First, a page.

Texas Prison System Essay by a Prisoner

As I sit down to write about the Texas prison system, my mind races in many different directions. But, maybe a better way of putting it is that my emotions start getting the best of me. Just thinking about it, I get frustrated, angry, upset. But most of all, what I feel more than anything else, is DISBELIEF over what I’ve seen and heard since coming to this system over a dozen years ago.

The Texas Department of Criminal Justice is nothing more than a modern-day slave system. If you worked or lived inside of it, you would see that the inmates cut the officers’ hair, clean and press their clothes (and the clothes of their family members). Prisoners shine their shoes, cook them meals, and serve them at table. Some inmates are assigned to push a “tea cart” around the farm all day, every day so that officers in different buildings can get coffee, tea, and ice water. Every month, the warehouses send this unit enough food to fulfill the doctor-written menu so that each inmate gets the amount and kind of food recommended by an expert. However, in reality, much of what is sent- particularly quality meat products like pork chops, chicken quarters, and beef- ends up being specially prepared by the ODR (Officer’s Dining Room) chefs for their use only, while next door in the IDR (Inmate Dining Room), cut portions of these foods mixed heavily with potatos, rice or noodles are served up to the masses. Also, offender HVAC technicians wander about the unit every day making sure that the Acs are in top-notch working order for the officer-designated areas while the living quarters for the inmates broil in heat and humidity that the TDCJ won’t even subject their swine to… that’s right. The TDCJ notoriously regulates cool temperatures for the pigs that they raise, but “to hell” with the human beings under their care.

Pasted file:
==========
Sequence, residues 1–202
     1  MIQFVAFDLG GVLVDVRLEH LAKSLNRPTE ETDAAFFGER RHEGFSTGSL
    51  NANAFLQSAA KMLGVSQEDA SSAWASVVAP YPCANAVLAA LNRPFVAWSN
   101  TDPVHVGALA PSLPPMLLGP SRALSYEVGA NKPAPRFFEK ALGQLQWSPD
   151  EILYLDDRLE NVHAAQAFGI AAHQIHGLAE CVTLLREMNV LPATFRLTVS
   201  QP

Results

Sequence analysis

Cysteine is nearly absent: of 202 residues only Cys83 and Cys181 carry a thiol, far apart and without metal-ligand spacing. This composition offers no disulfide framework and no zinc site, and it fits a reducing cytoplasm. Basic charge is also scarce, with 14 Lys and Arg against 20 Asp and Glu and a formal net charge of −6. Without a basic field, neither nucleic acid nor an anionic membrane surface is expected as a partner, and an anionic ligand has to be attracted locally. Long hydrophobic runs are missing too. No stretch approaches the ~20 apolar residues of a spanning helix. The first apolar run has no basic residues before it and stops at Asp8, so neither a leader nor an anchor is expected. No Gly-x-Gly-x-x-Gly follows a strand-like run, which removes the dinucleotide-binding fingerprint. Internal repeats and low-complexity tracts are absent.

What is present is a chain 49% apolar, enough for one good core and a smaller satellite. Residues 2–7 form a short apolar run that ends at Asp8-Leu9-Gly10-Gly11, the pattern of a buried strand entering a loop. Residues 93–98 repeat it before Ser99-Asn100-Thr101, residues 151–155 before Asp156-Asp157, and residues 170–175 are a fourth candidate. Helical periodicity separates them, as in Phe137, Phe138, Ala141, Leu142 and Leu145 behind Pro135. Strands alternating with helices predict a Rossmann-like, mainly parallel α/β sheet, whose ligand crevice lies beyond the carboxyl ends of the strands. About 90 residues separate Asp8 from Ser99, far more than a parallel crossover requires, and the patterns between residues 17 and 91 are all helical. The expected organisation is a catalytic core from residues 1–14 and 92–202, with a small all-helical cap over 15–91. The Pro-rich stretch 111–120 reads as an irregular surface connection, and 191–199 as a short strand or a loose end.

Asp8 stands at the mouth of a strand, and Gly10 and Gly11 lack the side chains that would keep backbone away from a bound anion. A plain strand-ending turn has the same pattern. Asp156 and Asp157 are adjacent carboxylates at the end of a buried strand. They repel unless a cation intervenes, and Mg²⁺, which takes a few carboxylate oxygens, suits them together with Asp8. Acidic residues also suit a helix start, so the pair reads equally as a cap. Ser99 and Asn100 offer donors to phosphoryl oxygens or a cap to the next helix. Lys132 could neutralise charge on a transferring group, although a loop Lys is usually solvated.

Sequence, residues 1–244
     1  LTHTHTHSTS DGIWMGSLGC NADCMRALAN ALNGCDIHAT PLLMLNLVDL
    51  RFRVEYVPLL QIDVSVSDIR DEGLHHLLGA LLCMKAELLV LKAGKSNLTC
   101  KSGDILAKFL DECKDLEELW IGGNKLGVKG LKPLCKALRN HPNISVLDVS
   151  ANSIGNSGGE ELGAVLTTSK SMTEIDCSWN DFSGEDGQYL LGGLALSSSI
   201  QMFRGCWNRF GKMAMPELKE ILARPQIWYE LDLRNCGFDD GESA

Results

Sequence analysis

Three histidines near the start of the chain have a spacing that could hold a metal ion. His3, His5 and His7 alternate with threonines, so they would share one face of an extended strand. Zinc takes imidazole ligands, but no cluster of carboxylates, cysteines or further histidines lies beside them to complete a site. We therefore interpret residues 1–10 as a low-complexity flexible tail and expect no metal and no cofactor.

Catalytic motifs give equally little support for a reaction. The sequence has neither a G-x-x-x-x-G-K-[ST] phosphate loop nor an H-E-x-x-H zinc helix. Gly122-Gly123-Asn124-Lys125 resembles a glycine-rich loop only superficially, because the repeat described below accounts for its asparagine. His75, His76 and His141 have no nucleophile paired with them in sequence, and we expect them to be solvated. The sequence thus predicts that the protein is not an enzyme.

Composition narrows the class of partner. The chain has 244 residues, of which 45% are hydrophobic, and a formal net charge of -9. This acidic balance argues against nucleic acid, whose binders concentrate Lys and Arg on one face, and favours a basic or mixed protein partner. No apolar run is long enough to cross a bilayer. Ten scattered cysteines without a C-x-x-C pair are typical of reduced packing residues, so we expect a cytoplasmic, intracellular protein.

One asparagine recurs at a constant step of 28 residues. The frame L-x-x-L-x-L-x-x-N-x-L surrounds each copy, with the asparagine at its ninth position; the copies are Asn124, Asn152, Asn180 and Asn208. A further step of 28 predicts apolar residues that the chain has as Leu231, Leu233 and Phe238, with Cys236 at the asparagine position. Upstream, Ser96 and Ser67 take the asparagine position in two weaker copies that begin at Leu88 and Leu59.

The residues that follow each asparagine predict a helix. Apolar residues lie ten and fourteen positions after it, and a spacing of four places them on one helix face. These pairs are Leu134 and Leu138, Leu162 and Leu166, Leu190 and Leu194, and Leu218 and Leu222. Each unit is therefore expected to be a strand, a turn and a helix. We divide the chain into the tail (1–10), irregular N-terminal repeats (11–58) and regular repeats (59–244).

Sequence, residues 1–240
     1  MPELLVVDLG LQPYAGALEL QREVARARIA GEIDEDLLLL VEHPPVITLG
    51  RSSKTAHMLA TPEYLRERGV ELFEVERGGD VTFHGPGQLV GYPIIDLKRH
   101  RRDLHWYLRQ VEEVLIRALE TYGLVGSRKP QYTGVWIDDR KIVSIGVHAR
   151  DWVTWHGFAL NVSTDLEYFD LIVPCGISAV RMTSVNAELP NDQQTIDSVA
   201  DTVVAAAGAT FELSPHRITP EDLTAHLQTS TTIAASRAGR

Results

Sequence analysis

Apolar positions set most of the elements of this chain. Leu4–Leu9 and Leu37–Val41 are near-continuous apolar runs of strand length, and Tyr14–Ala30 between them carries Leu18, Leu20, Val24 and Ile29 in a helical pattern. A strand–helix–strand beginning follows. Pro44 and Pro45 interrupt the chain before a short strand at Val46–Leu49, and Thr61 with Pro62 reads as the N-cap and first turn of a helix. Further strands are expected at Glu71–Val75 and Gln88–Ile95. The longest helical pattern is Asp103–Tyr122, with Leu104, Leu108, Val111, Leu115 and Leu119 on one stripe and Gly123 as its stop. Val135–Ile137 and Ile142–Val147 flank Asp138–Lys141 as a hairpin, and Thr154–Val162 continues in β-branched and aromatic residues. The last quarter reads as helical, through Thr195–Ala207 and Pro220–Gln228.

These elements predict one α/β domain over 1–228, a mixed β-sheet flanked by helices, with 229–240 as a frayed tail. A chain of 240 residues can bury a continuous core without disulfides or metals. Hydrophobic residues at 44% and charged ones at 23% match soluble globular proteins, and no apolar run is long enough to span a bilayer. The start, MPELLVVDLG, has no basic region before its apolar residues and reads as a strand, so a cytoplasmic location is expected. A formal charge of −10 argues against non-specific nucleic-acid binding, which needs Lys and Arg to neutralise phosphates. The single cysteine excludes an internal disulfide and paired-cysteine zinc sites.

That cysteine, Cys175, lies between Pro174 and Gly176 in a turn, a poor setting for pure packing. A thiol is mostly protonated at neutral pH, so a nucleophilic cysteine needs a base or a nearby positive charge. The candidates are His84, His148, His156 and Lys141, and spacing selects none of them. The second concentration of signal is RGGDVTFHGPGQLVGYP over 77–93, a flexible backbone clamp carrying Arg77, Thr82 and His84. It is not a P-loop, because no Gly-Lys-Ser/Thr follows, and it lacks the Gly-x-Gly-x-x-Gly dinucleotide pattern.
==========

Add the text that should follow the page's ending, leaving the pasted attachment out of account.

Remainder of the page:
Now that’s just officers. Ranking personell- sergeants, lieutenants, captains, majors and wardens-well, they pretty much do whatever they want to us, and worry about no repercussions. If the warden needs his or his wife’s car washed, the gutters cleaned out, his grass cut, there’s inmates to make sure the job gets done. If his wife decides to paint the house, or that the vegetable garden grown off of seeds sent for inmate use needs to be weeded, there’s an inmate for that. Inmates take care of all their needs, and do pretty much everything but wipe their hinies. I’ve even seen some officers and rank bring their kids up to the barber to get a haircut. And why wouldn’t they? I mean if the officers took two kids to the mall to get their hair cut, it would cost him maybe 20, 30 dollars, right? But, if he brings them up here, it’s free. Why? Because Texas inmates are slave labor. Texas is one of the only states left in the U.S.A. that doesn’t give some wages to their prisoners. They justify this by pointing to the parole system and telling the world that they are compensating the prisoners in other ways…specifically, WORK TIME. But I’m here to tell you, that is the biggest pile of horseshit any Texas cowboy ever put his boot in.